# Understanding The Nuances Of The Volatility Index (VIX)

When you read any report on the stock markets, it is quite common to see comments that the volatility index has shifted. As we all know, the VIX is calculated by the NSE on a real time basis and is published on their website. But the questions are much larger. What exactly is the concept of VIX and how is VIX calculated? How do you interpret shifts in the VIX number and what is the ideal VIX for any market? Are there are any investment decisions that you can make purely based on the VIX? Let us examine these points.

**What is the concept behind VIX?**

VIX or volatility index is a measure of volatility that is implicit in the market. It is a measure of the perception of risk in the stock markets. A higher level of VIX means that there is more risk perception or fear in the market and vice versa if the VIX is lower. That is why the VIX is also referred to as the Fear Index. The India VIX is an index based on the Nifty index option prices. From the best bid-ask prices of Nifty option contracts the volatility figure (%) is calculated which indicates the expected volatility over the next 30 days. This method is borrowed from the Chicago Board of Exchange (CBOE), which originally used this methodology to calculate the volatility.

**How is the VIX Calculated?**

The calculation of the VIX is based on the popular Black & Scholes model for option valuation. Before getting into the mathematics of Black & Sholes, let us understand the concept underlying the model. The mathematical formula for VIX is as under:

**C = SN(d**_{1})-Ke^{(-rt)}N(d_{2})

_{1})-Ke

^{(-rt)}N(d

_{2})

C = Call premium

S = Current stock price

t = time

K = option striking price

r = risk free interest rate

N = Cumulative standard normal distribution

e = exponential term

d_{1} = ( ln(S/K) + (r + (S^{2}/2))t ) / S (SQRT)t

d_{2} = d_{1} – S(SQRT)t

S = standard deviation of stock returns

Of course, there are simpler excel sheets available and your trading terminal itself allows you to calculate the Black & Scholes options value by merely imputing the input values. Let us look at what the Black & Scholes formula calculates and the key factors that determine the value.

Black & Sholes formula calculates the fair value of the option and helps you to find out if call and put options are underpriced or overpriced. There are 5 factors that impact the calculation of the fair valuation of an option…

- Market price of the underlying stock. In case of call options, higher market prices increase the value of the options. The reverse is true in case of put options.
- Strike price of the option. In case of a call option, a higher strike price reduces the fair value of the option. In case of a put option, the reverse is true.
- Volatility of the stock price. Higher volatility higher is the value of the option. That is because if the volatility is in your favour then the option is more valuable and if the volatility is against you then you just lose the premium. Higher volatility is positive for call options and for put options.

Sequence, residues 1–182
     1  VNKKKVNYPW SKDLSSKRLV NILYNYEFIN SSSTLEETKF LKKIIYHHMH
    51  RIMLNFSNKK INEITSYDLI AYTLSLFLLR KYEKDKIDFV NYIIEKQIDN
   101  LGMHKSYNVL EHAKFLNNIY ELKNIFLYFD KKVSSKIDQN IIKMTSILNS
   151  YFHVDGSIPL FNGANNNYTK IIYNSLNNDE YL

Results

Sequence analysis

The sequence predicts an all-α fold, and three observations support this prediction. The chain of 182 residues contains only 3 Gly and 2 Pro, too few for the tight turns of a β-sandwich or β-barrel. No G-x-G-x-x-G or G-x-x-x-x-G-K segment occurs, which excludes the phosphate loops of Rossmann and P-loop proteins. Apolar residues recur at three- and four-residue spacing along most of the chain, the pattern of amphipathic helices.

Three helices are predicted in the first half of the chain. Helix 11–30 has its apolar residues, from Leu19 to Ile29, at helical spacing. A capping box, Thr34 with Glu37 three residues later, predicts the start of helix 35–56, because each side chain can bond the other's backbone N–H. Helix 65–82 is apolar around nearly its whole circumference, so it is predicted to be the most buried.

- Time to expiry of the option. Greater the time to expiry, more the probability of you making money on the option. Longer time to expiry is positive for call options and also for put options.
- Risk free interest in the market. Why are interest rates relevant? Options strikes pertain to a future date and hence time value becomes material. Higher interest rates mean lower present value of the strike price and therefore higher option value in case of call options. The reverse is true in case of put options.

These are the 5 variables that are used to calculate the fair value of the option and then to decide whether the option is underpriced or overpriced. Now let us tweak this formula a little bit. Instead of finding the fair value of option, we assume the option price is the fair value of the option. We then use the other inputs and then calculate the missing volatility figure. This is called implied volatility (IV) as it is the volatility that is implied in the option market price. When the IVs of a series of Nifty strikes of puts and calls are combined the outcome is the VIX index. Since the VIX captures the volatility assumption in various strikes, it becomes a good and reliable gauge of the extent of risk perception in the market.

**How VIX moves with the stock market index?**

Generally, the relationship between the VIX and the market index has been negative globally and India has exhibited similar trends in the last few years. A rising market is normally accompanied by falling VIX and a falling market is normally accompanied by a rising VIX. There are the following key take-aways…

- When the Nifty has been on a long term uptrend as we saw between Feb 2016 and January 2018, the VIX has typically been at subdued levels of 10-13.
- In such cases, the intermittent corrections in the Nifty have been marked by sudden spikes in the VIX index.
- Sharp spike in VIX often acts as a lead indicator of a likely correction in the market whereas a tepid VIX is an indication that any correction will be limited
- Under normal market conditions the historical trend line of the VIX works quite effectively and can be bought or sold into within this range to get the best results in trading.

VIX has been a fairly reliable gauge of the market mood across world markets and India has been no exception. A better understanding of the underlying methodology of the VIX and its interpretation goes a long way in putting the gauge to better use.

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